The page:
This not only leads to increased tear production but also adds pressure around the eyes and head. It also signals the brain to initiate headache pain, like sounding an ache alarm.

✅ Stress Reactions

Finally, dealing with the discomfort, annoyance, blurred vision, and complications of chronically dry eyes causes tremendous stress. The frustration of constantly irritated eyes brews tension in the head and body.

Trouble working, reading, or driving due to eye issues leads to muscular strain in the shoulders and neck as well – common trigger points for headache pain. Stress notoriously exacerbates headache frequency and severity across the board.

Treating Dry Eyes to Prevent Headaches

You have several options for relieving dry eyes and curtailing associated headaches. Listing some of them below:

  • Apply hot compresses: Stimulates oil glands for natural tears
  • Adjust environment: Increase humidity, avoid smoke
  • Limit screen time: Reduce tear evaporation
  • Take frequent breaks: Rest your eyes when using screens
  • Improve sleep hygiene: Allows tear gland recovery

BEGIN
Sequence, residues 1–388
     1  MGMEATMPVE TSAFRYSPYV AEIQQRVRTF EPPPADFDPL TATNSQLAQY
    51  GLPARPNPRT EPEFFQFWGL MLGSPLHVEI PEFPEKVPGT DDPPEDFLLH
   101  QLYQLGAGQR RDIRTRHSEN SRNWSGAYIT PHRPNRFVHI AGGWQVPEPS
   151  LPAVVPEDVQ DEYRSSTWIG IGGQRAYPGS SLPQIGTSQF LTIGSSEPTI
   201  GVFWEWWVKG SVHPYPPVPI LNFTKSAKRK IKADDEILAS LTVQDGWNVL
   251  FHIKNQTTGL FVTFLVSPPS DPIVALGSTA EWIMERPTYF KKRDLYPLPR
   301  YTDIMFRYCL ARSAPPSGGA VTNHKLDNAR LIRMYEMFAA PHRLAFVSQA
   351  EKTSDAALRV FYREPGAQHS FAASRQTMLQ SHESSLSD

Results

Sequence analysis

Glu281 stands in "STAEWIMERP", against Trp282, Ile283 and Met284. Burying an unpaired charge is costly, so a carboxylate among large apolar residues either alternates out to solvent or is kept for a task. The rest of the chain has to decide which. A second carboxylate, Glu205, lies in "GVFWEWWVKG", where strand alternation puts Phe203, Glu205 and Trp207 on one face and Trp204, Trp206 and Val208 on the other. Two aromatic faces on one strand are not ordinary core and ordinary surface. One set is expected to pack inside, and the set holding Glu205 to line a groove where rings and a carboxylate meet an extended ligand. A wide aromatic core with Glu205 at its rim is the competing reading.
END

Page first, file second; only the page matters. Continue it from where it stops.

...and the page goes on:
• Consider prescription drops: For severe cases
  • Consider punctual plugs: Block tear drainage during sleep

Implementing one or more of these dry eye therapies often minimizes headache frequency and severity by addressing the root trigger eye irritation and strain.


As we’ve explored here, dry eyes represent a sneaky culprit behind many headaches. Insufficient eye lubrication strains your vision system and overworks the nerves and vessels around your eyes and head, resulting in ache-inducing inflammation.

Additionally, dealing with the discomfort, blurred vision, trouble driving or reading, and other issues related to chronically dry eyes causes immense stress – an infamous headache trigger.


Dr. Nicola Fawcet is a highly regarded Consultant in General Medicine known for her expertise in providing comprehensive medical care with a focus on holistic patient well-being. With a passion for internal medicine, Dr. Fawcet has dedicated her career to delivering high-quality healthcare and improving patient outcomes.